General Motors Is Quietly But Aggressively Moving Into Self Driving Vehicle Market

General Motors (GM) is planning to introduce a self driving Cadillac to the market in 2016, according to the company’s CEO Mary Barra. She says the car will feature “Super Cruise” a semi-autonomous feature that will let a vehicle handle itself on the freeway.

Barra said this is just one aspect of autonomous vehicle technology which General Motors has been immersed in behind the scenes. Other companies like Telsa Motors, Google, Audi and Mercedes Benz have been taking to the PR highway with their plans for the technology.

Although not revealing target dates for the introduction of self driving technology other than Super Cruise, Barra says, “we’re gonna move aggressively.”

The company’s virtual silence on autonomous technology belies the fact that GM began exploring it nearly ten years ago in a partnership with Carnegie Mellon University.This partnership should see a fleet of self-driving Chevrolet Volts roaming its Detroit campus in 2016. The robo-Volts, will have engineers in them ready to take the wheel in case of problems.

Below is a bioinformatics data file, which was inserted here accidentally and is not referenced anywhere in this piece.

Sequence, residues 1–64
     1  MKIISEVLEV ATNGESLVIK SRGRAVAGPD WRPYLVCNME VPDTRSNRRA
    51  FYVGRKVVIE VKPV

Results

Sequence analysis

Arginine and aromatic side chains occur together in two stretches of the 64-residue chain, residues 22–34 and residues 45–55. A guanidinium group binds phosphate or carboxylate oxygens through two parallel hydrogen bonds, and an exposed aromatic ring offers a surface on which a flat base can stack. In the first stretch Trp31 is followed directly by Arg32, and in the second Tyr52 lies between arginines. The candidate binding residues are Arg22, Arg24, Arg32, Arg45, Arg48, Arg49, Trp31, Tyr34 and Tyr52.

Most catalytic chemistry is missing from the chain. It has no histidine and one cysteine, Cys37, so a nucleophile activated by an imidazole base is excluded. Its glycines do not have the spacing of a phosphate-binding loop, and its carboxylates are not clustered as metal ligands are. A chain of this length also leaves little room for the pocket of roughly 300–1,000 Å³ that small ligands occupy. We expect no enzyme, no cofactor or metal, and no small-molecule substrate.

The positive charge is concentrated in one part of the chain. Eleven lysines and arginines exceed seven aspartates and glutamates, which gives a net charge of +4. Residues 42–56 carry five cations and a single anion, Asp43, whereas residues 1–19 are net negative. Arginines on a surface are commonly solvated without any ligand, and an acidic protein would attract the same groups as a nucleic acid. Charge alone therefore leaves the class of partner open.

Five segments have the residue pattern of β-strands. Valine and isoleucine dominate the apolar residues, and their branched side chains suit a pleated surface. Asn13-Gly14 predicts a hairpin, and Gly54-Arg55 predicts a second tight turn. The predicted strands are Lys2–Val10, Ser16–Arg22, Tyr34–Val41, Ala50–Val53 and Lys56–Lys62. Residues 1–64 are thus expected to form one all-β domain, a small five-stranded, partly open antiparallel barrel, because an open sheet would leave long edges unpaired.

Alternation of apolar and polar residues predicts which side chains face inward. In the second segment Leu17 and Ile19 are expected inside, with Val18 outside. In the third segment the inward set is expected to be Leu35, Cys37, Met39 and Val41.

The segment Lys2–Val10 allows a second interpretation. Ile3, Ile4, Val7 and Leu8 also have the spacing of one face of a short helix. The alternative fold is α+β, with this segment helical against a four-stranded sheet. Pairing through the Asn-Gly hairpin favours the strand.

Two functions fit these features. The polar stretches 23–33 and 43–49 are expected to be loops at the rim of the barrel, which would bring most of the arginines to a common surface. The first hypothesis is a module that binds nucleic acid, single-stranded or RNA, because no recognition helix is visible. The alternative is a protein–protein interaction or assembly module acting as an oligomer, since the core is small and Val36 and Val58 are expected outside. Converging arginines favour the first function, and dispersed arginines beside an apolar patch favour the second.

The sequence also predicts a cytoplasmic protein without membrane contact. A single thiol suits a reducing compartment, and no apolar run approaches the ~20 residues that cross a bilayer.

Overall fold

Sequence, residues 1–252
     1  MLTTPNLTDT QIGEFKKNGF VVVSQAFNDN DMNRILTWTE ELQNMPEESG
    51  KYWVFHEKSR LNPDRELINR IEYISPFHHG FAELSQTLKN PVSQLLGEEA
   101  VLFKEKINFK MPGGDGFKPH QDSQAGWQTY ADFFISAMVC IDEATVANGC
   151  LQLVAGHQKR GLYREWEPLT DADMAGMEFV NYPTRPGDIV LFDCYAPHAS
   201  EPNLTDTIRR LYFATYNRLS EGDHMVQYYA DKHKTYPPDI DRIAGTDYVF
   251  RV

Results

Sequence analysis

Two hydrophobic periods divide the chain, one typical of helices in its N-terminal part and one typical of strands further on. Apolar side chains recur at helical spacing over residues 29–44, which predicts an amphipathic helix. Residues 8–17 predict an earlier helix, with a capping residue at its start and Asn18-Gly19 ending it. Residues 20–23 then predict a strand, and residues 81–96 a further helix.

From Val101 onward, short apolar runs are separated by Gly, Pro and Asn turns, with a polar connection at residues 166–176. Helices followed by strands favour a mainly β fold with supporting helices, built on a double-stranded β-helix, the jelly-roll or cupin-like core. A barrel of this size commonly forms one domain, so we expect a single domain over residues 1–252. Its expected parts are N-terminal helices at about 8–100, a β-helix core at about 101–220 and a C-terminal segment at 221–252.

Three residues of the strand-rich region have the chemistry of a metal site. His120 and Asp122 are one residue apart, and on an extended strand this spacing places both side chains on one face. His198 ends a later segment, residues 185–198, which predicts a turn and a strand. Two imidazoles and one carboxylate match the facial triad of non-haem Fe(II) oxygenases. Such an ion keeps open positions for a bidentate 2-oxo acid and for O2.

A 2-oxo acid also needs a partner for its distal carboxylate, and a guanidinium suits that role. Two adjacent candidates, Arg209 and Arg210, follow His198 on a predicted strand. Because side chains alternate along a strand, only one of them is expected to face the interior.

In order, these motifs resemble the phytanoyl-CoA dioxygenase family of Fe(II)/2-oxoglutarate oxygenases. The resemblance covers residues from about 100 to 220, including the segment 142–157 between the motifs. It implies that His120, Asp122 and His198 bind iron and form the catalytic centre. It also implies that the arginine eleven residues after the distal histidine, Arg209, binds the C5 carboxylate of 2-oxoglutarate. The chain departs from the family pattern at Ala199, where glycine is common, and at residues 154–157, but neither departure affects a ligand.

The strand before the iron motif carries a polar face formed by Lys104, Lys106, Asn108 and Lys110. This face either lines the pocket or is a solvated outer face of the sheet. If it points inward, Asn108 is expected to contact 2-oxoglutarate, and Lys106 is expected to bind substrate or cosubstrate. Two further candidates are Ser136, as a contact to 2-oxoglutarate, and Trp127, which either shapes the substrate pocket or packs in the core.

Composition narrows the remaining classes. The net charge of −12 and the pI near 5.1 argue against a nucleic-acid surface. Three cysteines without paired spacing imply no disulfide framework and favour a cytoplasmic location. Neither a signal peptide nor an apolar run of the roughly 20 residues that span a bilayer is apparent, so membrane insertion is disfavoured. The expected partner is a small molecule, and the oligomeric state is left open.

Barra says the center in suburban Detroit has “many of the variables autonomous vehicles would encounter in an urban area” – roundabouts, intersections,cyclists and pedestrians. “We’ll leverage that,” Barra says. “There’s so much you learn by actually doing.”

The center is also headquarters to the U.S’s biggest battery lab, where GM tests and develops the lithium-ion batteries that power the Volt. It will also power the Bolt, which the company plans to introduce to the market in 2017. The car will have a battery life of 200 miles.

“You need embedded connectivity to make autonomous work. And that’s where General Motors has a lead.” Barra says adding GM is not going to rely on “the traditional owner-driver model” to keep and grow its market share. She says GM will “absolutely” make cars for an age when human driving is defunct. “We are disrupting ourselves.”

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